Well, the board is either fixed, or it's going to run terribly. Cross your fingers and hope for the best. I'm at my technical limit right now.

Spurs and the Great West

Message
Author
User avatar
nrobertb
Bullet Banger
Bullet Banger
Posts: 706
Joined: Sat Jun 03, 2017 11:02 am
Location: NW Lower MI
United States of America

Re: Spurs and the Great West

#391 Post by nrobertb » Wed May 30, 2018 9:18 am

These antler handled items are by Manion.
Attachments
manion.jpg

User avatar
nrobertb
Bullet Banger
Bullet Banger
Posts: 706
Joined: Sat Jun 03, 2017 11:02 am
Location: NW Lower MI
United States of America

Re: Spurs and the Great West

#392 Post by nrobertb » Wed May 30, 2018 6:30 pm

Today when we look at old wagons, farm equipment and tools, they look dull and drab because they have been sitting outdoors or in a barn for years. In fact, in the old days products were brightly colored to attract buyers and be a source of pride for the owners. Wagons, for example were red, green, orange, or blue. In the photo below you can see the remnants of the original paint job.
Attachments
wagon.png

User avatar
nrobertb
Bullet Banger
Bullet Banger
Posts: 706
Joined: Sat Jun 03, 2017 11:02 am
Location: NW Lower MI
United States of America

Re: Spurs and the Great West

#393 Post by nrobertb » Thu May 31, 2018 10:13 am

When the first farmers homesteaded the prairies they found incredibly thick and tough sod that had been accumulating for thousands of years. Regular plows wouldn't work so inventors came up with sodbuster plows. There were various designs, one of which is shown below.
Attachments
sodbuster.jpg

User avatar
nrobertb
Bullet Banger
Bullet Banger
Posts: 706
Joined: Sat Jun 03, 2017 11:02 am
Location: NW Lower MI
United States of America

Re: Spurs and the Great West

#394 Post by nrobertb » Thu May 31, 2018 5:23 pm

Yet another railroad spike knife.
Attachments
rr.jpg

User avatar
nrobertb
Bullet Banger
Bullet Banger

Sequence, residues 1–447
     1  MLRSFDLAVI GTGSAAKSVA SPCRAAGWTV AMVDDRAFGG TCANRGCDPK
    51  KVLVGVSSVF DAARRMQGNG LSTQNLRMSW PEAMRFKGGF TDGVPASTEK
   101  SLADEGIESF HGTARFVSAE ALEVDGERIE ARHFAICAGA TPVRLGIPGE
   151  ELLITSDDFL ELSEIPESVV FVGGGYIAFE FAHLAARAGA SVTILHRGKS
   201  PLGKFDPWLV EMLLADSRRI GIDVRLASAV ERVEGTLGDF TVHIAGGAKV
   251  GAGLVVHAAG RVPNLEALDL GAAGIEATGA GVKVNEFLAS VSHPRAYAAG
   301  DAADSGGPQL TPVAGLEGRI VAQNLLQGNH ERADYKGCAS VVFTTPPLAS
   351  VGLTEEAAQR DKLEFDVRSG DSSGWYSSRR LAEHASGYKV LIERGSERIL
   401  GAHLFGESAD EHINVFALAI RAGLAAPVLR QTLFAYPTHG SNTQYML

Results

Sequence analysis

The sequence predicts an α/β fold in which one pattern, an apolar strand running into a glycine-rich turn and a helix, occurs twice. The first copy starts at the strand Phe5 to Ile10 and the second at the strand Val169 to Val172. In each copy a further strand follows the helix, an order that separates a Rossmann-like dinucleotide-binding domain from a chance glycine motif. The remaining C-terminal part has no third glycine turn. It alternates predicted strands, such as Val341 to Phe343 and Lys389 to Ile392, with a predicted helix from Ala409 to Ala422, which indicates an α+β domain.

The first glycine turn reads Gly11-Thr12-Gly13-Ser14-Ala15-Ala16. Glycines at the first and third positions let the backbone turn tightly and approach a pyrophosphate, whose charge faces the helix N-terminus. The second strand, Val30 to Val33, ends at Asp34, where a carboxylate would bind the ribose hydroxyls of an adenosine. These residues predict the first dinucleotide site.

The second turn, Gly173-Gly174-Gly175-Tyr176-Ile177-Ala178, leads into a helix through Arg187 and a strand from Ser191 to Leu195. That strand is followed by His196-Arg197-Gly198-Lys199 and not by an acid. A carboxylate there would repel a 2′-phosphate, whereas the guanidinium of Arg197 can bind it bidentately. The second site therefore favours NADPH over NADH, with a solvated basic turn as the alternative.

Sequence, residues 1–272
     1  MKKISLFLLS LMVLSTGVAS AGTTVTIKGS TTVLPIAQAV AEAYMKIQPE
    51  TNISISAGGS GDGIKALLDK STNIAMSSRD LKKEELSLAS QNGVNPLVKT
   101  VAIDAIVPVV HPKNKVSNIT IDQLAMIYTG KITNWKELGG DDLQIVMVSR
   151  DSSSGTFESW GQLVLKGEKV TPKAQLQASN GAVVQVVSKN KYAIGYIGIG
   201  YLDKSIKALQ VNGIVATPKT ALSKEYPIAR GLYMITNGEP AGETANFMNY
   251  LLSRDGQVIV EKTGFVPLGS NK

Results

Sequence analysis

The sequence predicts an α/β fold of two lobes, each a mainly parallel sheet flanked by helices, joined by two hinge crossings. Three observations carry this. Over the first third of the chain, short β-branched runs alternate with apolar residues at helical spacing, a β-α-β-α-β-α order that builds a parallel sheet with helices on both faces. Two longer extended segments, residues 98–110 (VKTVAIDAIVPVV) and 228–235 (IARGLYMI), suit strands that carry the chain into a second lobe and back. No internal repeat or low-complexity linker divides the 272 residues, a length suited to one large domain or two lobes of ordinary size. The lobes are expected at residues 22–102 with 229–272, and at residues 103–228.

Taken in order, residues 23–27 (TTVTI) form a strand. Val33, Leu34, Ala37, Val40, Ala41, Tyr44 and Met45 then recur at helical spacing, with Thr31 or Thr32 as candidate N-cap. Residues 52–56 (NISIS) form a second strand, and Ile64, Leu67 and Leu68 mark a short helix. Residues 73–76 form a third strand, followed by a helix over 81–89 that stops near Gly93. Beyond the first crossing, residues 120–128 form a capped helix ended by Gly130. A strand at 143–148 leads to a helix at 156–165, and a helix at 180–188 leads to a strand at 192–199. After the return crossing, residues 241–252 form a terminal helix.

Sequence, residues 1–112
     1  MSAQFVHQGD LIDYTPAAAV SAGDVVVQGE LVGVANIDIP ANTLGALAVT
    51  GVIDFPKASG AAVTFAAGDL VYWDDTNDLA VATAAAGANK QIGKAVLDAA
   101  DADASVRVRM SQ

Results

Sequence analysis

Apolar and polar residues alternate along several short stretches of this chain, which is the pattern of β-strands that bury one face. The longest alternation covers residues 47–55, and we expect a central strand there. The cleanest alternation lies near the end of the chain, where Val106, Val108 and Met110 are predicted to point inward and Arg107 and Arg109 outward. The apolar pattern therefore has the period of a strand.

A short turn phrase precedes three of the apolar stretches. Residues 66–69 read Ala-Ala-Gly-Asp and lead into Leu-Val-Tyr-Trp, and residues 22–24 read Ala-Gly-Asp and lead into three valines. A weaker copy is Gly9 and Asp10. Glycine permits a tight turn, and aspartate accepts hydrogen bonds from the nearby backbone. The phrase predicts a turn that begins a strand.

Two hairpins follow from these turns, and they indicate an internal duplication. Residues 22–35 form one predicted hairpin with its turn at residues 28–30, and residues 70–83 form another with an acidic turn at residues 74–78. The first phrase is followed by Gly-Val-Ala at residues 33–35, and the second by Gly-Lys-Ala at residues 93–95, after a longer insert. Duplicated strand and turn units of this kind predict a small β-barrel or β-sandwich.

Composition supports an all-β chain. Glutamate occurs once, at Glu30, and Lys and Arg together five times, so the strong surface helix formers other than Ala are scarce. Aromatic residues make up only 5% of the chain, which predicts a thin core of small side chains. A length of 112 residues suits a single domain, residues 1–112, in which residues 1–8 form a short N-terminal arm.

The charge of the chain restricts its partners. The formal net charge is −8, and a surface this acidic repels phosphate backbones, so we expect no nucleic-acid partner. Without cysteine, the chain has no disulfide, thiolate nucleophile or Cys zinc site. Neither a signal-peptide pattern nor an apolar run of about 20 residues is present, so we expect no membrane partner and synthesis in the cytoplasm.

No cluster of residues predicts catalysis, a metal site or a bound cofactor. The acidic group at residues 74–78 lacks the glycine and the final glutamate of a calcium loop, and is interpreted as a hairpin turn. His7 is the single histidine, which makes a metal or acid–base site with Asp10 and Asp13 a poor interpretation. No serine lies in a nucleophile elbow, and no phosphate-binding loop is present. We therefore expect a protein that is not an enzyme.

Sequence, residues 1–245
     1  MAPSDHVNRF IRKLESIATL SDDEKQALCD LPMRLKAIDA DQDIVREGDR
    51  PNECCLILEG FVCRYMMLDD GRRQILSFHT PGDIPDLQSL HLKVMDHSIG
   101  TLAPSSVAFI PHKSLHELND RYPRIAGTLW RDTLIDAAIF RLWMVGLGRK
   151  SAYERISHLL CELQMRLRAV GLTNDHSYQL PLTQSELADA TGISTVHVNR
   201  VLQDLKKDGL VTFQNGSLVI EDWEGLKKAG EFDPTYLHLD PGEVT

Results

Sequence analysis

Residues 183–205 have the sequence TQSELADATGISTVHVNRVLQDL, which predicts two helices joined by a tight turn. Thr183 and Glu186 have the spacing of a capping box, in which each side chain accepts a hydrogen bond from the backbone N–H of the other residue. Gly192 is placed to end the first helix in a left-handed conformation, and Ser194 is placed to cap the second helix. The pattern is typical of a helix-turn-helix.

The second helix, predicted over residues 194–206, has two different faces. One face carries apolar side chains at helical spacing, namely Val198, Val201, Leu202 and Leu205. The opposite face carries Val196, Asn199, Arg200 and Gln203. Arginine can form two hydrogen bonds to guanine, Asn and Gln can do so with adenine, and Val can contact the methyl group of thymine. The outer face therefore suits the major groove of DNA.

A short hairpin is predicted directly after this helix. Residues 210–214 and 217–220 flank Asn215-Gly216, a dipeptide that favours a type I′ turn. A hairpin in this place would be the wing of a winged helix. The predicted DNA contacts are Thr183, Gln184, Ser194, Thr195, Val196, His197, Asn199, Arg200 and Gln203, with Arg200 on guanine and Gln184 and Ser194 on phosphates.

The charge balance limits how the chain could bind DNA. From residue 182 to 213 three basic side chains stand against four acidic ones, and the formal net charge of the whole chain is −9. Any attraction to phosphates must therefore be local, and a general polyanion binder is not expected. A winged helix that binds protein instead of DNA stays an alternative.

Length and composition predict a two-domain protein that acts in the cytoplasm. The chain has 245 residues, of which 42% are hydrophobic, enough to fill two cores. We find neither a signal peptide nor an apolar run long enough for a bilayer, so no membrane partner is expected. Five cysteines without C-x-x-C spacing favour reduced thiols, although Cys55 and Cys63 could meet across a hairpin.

Posts: 706
Joined: Sat Jun 03, 2017 11:02 am
Location: NW Lower MI
United States of America

Re: Spurs and the Great West

#395 Post by nrobertb » Thu May 31, 2018 11:04 pm

A pair of spurs by McCown.
Attachments
McCow1.jpg
McCow1.jpg (33.71 KiB) Viewed 498 times

User avatar
nrobertb
Bullet Banger
Bullet Banger
Posts: 706
Joined: Sat Jun 03, 2017 11:02 am
Location: NW Lower MI
United States of America

Re: Spurs and the Great West

#396 Post by nrobertb » Fri Jun 01, 2018 10:38 am

Homestead National Monument of America, a unit of the National Park System, commemorates passage of the Homestead Act of 1862, which allowed any qualified person to claim up to 160 acres of federally owned land in exchange for five years of residence and the cultivation and improvement of the property. The Act eventually transferred 270,000,000 acres from public to private ownership.

The national monument is five miles west of Beatrice, Gage County, Nebraska on a site that includes some of the first acres successfully claimed under the Homestead Act.

The park includes 100 acres of tallgrass prairie restored to approximate the ecosystem that once covered the central plains of the United States—and that was nearly plowed into extinction by the homesteaders. This restoration, which necessitates regular mowing, haying, and prescribed burns, has been managed by the National Park Service for more than 60 years and is the oldest in the National Park System. The park maintains about 2.7 miles of hiking trails through the prairie and the woodland surrounding Cub Creek.

Daniel Freeman (1826–1908), a native of Ohio, filed the first homestead claim in the Brownville, Nebraska land office on January 1, 1863. By the mid-1880s, Freeman also claimed to have been the first homesteader in the nation. Freeman eventually amassed more than 1,000 acres and became a prominent citizen of Gage County. As early as 1884, he first proposed the idea of memorializing himself as the earliest homesteader, and shortly after his death in 1908, Beatrice residents talked of preserving his homestead as a national park.

In 1934, Beatrice citizens organized the National Homestead Park Association. In 1935, Congressman Henry C. Luckey of Lincoln introduced legislation to create the park, which eventually became law in March 1936. But federal funding for the purchase was not obtained until March 1938. Negotiations with the Freeman heirs "dragged on for months over the value of the land," and condemnation proceedings were instigated to bring them to terms. The government took possession at the end of the year.
Attachments
Homestead.jpg

User avatar
nrobertb
Bullet Banger
Bullet Banger
Posts: 706
Joined: Sat Jun 03, 2017 11:02 am
Location: NW Lower MI
United States of America

Re: Spurs and the Great West

#397 Post by nrobertb » Fri Jun 01, 2018 1:59 pm

A bit of trivia: if a residence is made of round logs, it is a log cabin. If it is made of square logs, it is a log house.
Attachments
log house.jpg

User avatar
nrobertb
Bullet Banger
Bullet Banger
Posts: 706
Joined: Sat Jun 03, 2017 11:02 am
Location: NW Lower MI
United States of America

Re: Spurs and the Great West

#398 Post by nrobertb » Fri Jun 01, 2018 10:25 pm

The sod house or "soddy" was a successor to the log cabin during frontier settlement of Canada and the United States. The prairie lacked standard building materials such as wood or stone; however, sod from thickly-rooted prairie grass was abundant. Prairie grass had a much thicker, tougher root structure than modern landscaping grass.